7. 7. Forward Model: Introduction /33 Soil & forest parameters Scattering coefficients Frequency, incidence angle Forward Model
    8. 8. Forward Model: Forest Geometry Forest Geometry /33 * S. L. Durden, J. J. van Zyl, and H. A. Zebker, &quot;Modeling and observation of the radar polarization signature of forested areas,&quot; IEEE Trans. Geosci. Remote Sens. , May 1989. <ul><li>Forward Model: A general discrete scatterer radar model </li></ul><ul><li> by Durden et al. * </li></ul>
    9. 9. Forward Model: Scattering Mechanisms (1/2) The model identifies 4 distinct scattering mechanisms: b : branch bg : branch-ground tg : trunk-ground g : ground /33 * S. L. Durden, J. J. van Zyl, and H. A. Zebker, &quot;Modeling and observation of the radar polarization signature of forested areas,&quot; IEEE Trans. Geosci. Remote Sens. , May 1989. <ul><li>Forward Model: A general discrete scatterer radar model </li></ul><ul><li> by Durden et al. * </li></ul>Canopy Layer Trunk Layer Ground b g bg tg
    10. 10. Forward Model: Scattering Mechanisms (2/2) <ul><li>Forward Model: A general discrete scatterer radar model </li></ul><ul><li> by Durden et al. * </li></ul><ul><li>The total backscattered power, represented by the Stokes matrix, is the </li></ul><ul><li>sum of the powers from all contributing scatterers. </li></ul>/33 * S. L. Durden, J. J. van Zyl, and H. A. Zebker, &quot;Modeling and observation of the radar polarization signature of forested areas,&quot; IEEE Trans. Geosci. Remote Sens. , May 1989. branch contribution branch-ground contribution trunk-ground contribution ground contribution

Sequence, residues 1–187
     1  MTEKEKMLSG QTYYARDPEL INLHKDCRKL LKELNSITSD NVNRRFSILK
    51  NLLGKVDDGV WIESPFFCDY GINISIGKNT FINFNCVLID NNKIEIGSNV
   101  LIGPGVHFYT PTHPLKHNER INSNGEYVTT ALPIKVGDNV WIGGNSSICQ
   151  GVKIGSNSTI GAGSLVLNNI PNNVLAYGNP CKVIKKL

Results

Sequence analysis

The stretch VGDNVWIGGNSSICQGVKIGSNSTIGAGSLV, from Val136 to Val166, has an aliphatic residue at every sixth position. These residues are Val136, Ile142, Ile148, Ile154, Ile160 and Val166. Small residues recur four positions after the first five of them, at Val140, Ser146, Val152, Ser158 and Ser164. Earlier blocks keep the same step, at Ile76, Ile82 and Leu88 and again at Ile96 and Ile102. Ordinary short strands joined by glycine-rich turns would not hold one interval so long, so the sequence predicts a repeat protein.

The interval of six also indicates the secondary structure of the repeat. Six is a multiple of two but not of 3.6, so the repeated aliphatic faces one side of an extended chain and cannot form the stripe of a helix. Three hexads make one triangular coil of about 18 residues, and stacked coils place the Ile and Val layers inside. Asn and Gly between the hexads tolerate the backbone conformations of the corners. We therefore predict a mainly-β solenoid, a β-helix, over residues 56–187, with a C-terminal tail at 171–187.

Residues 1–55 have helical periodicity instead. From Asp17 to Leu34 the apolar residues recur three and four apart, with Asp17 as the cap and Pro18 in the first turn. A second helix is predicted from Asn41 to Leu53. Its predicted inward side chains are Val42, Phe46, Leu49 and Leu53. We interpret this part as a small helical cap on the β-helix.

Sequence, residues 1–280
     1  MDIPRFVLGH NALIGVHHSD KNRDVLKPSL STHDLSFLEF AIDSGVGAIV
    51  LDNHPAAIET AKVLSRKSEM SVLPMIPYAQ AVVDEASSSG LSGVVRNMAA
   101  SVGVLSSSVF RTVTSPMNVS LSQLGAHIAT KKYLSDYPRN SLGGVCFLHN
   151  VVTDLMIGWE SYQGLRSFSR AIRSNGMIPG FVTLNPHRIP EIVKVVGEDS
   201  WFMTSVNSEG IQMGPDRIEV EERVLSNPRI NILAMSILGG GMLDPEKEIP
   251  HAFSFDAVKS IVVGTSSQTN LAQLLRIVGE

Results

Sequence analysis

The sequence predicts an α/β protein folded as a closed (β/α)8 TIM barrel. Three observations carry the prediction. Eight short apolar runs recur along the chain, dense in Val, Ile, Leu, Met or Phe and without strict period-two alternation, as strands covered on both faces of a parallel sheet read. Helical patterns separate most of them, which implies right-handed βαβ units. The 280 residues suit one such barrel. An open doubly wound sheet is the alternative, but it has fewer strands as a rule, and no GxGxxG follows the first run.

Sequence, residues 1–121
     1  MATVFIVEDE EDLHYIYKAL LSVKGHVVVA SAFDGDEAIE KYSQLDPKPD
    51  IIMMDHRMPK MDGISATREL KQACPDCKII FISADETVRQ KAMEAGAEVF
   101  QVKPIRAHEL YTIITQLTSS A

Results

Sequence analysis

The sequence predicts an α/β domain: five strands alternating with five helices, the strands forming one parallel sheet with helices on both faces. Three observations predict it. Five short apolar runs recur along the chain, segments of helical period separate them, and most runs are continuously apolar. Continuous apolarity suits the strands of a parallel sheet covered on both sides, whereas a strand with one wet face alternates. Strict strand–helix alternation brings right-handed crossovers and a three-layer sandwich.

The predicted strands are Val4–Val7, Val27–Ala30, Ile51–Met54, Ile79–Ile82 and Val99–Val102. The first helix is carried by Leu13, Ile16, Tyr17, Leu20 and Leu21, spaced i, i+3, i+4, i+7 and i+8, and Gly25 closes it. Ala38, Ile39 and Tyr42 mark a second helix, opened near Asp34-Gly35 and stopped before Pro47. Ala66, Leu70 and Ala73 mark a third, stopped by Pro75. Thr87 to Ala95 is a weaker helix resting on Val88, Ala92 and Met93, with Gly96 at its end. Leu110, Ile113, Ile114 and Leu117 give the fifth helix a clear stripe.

11. 11. Forward Model: Parameters /33 <ul><li>The forest floor is modeled as a rough dielectric surface with a layer of </li></ul><ul><li>nearly vertical dielectric cylinders (representing tree trunks) on top of it. </li></ul><ul><ul><li>The soil dielectric constant is related to the soil moisture via the soil type* </li></ul></ul><ul><li>Branches are represented by a layer of randomly oriented cylinders . </li></ul><ul><li>The forward model uses properties of </li></ul><ul><ul><li>large and small branches (dielectric constant, length, radius, density, orientation) </li></ul></ul><ul><ul><li>leaves (dielectric constant, length, radius, density) </li></ul></ul><ul><ul><li>trunks (dielectric constant, length, radius, density) </li></ul></ul><ul><ul><li>soil (volumetric moisture content, roughness RMS height) </li></ul></ul><ul><ul><li>canopy height </li></ul></ul><ul><li>to characterize a forested area. </li></ul>* N.R. Peplinski, F.T. Ulaby, and M.C. Dobson, “Dielectric properties of soils in the 0.3-1.3 GHz range,” IEEE Trans. Geosci. Remote Sens. , vol. 33, no. 3, pp. 803-807, 1995.
    12. 12. Forward Model: Sensitivity /33 <ul><li>Sensitivity of several dBs to soil </li></ul><ul><li>moisture at L-band in the </li></ul><ul><li>presence of large amount of </li></ul><ul><li>vegetation </li></ul><ul><li>Less sensitivity to soil moisture </li></ul><ul><li>as soil moisture increases </li></ul><ul><li>Preserved dynamic range while </li></ul><ul><li>canopy height increases </li></ul><ul><li>Increase in trunk-ground </li></ul><ul><li>double bounce counterbalanced </li></ul><ul><li>by an increase in attenuation by </li></ul><ul><li>trunk layer as trunk density </li></ul><ul><li>increases. </li></ul><ul><li>Dielectric constants correspond to OJP trees </li></ul><ul><li>(CanEx-SM10) and allometric relationships are hypothetical. </li></ul>